Venus is the second closest planet to the sun. Viewed from earth it is the brightest of the planets. In fact if you know where to look it is possible to see it in broad daylight. At night it is bright enough to cast shadows. It's brightness is due to two things. Firstly it is quite close to earth compared to the other planets. Secondly it is highly reflective and a lot of sunlight bounces off the planet.
Venus was once thought to be a tropical planet rich in vegetation.
It was difficult to find out what the surface of Venus was like because it was always covered in cloud.
In the 1970s American and Russian probes were sent through the clouds to measure surface temperature and analyse the atmosphere. None of these probes lasted very long and the reasons soon became clear. The temperature at ground level was 840 degrees fahrenheit, the atmospheric pressure was 90 times that of earth and the atmosphere was highly corrosive. Basically if you send a probe to Venus it will either melt, be crushed or rust. Not somewhere you would want to park your car!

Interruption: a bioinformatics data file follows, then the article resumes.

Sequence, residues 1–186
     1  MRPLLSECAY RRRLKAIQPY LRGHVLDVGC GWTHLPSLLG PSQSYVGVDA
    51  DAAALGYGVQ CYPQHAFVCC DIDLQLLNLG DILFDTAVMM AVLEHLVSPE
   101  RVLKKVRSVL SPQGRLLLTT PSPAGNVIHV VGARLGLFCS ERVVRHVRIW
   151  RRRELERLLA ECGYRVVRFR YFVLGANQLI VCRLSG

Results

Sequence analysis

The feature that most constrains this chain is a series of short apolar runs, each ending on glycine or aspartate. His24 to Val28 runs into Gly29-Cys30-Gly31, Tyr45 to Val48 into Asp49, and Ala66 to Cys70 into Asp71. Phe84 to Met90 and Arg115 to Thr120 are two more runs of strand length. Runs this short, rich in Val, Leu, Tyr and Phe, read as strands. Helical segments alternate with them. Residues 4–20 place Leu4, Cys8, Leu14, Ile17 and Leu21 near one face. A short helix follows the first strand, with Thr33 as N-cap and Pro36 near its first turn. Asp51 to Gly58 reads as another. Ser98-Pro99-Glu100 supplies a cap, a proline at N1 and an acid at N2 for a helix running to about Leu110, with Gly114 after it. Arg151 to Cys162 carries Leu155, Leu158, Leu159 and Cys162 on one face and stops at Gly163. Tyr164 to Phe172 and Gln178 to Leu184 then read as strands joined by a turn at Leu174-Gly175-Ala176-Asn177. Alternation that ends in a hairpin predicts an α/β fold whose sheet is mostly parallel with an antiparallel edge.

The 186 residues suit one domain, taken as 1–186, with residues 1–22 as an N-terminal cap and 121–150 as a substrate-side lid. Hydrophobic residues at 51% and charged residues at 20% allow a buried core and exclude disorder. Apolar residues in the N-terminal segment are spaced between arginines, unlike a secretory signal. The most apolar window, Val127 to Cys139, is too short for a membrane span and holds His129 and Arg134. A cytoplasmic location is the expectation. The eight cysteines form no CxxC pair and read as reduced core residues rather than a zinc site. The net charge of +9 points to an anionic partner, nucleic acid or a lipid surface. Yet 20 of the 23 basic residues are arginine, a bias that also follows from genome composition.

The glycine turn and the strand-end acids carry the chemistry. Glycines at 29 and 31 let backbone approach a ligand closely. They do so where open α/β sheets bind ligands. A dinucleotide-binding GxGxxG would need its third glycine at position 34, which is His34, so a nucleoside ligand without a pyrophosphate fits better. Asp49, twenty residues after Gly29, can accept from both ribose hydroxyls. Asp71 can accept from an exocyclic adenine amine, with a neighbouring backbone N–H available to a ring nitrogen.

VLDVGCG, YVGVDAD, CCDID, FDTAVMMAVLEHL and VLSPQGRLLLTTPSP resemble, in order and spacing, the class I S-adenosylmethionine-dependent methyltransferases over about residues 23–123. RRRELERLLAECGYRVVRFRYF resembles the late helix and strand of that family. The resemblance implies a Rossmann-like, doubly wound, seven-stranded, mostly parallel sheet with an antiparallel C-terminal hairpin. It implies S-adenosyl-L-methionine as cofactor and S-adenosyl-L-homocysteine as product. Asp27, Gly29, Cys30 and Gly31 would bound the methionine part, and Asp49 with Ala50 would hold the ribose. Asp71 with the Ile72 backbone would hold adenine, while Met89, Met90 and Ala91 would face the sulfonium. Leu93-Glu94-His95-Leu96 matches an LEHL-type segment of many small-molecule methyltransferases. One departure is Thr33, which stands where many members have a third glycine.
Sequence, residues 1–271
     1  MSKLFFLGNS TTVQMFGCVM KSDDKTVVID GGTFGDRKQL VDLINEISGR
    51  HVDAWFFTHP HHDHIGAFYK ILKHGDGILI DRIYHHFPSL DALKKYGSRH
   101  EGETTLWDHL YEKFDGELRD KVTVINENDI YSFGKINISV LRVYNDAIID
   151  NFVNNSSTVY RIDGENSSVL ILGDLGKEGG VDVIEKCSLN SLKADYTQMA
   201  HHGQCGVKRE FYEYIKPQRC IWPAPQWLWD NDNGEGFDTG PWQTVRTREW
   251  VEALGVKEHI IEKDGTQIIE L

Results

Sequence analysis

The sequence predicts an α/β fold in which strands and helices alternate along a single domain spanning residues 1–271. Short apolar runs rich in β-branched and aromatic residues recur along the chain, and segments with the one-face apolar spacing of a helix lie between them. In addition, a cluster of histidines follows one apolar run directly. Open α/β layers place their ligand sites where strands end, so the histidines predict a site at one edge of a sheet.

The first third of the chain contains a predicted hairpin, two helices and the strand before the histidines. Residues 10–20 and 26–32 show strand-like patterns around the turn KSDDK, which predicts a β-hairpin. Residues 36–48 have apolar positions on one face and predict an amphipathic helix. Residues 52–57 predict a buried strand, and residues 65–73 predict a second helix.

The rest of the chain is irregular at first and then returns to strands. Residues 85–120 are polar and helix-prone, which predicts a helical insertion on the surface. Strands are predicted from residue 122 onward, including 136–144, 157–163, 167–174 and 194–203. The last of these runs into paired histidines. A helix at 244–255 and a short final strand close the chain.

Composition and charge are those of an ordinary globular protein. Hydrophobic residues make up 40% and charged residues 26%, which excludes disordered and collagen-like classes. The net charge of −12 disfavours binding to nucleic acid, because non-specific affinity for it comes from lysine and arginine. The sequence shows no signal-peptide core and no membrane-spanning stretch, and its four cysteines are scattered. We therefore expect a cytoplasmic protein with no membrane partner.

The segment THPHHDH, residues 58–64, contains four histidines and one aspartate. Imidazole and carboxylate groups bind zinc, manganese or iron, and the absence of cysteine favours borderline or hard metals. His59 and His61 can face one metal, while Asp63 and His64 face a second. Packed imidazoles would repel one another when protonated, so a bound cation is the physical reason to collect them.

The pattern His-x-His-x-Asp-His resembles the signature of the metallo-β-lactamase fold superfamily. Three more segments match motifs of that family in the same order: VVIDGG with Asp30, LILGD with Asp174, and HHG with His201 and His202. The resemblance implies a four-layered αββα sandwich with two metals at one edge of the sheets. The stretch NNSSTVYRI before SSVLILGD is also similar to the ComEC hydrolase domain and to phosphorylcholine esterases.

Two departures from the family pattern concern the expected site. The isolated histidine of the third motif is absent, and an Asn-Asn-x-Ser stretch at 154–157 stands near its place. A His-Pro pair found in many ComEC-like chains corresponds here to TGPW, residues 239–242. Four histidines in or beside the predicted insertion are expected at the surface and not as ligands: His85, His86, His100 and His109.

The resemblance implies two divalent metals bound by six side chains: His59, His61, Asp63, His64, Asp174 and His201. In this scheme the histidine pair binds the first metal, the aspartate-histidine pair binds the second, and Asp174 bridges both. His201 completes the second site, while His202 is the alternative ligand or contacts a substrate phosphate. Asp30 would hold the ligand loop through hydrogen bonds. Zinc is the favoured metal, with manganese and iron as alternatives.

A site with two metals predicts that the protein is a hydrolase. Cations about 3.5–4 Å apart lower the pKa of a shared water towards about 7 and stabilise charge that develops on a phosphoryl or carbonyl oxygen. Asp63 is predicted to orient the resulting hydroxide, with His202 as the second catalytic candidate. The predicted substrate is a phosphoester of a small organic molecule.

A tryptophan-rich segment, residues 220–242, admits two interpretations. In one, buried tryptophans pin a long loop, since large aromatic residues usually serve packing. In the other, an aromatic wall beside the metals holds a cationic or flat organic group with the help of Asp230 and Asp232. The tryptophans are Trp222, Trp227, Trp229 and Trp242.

The extremely high temperatures on Venus seem to have been caused by the high quantities of carbon dioxide in the atmosphere which has lead to the greenhouse effect, so an understanding of our sister planet could have profound importance for the future of our own.
|Equatorial radius (km)||6,051.8|
|Equatorial radius (Earth = 1)||.94886|
|Mean distance from the Sun (km)||108,200,000|
|Mean distance from the Sun (Earth = 1)||0.7233|
|Rotational period (days)||-243.0187|
|Orbital period (days)||224.701|
|Mean surface temperature||482°C|
|Atmospheric pressure (bars)||92|
| Atmospheric composition|
With the unaided eye or with binoculars Venus appears like a very bright star. With a small telescope you will be able to see Venus go through phases (similar to our moon) as its position in relation to the sun changes.